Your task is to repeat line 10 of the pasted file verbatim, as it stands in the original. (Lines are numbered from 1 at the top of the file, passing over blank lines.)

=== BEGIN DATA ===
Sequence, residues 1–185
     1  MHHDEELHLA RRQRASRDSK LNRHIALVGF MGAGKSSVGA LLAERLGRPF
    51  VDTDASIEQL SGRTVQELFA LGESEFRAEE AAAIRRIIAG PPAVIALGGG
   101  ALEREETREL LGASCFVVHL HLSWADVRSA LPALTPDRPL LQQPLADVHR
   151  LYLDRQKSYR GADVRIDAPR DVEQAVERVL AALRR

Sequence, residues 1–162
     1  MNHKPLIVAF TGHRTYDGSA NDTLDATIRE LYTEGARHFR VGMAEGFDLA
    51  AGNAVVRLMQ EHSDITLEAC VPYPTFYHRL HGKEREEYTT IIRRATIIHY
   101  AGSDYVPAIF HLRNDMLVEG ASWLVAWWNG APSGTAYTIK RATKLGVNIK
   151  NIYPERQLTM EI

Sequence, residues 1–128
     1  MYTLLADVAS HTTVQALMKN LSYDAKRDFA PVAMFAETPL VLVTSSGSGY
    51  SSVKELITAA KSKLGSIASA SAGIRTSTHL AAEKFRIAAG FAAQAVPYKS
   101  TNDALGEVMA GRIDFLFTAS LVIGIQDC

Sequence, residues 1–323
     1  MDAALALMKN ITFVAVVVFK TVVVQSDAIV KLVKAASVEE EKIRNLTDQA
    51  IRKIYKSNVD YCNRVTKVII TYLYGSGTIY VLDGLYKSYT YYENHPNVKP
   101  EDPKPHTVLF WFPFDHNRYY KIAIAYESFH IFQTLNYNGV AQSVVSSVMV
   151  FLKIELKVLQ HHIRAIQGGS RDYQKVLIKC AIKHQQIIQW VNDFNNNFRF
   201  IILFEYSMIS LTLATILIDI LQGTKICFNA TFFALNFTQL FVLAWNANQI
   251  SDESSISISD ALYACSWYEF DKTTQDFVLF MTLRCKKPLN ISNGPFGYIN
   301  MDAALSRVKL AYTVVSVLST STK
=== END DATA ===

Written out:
   151  NIYPERQLTM EI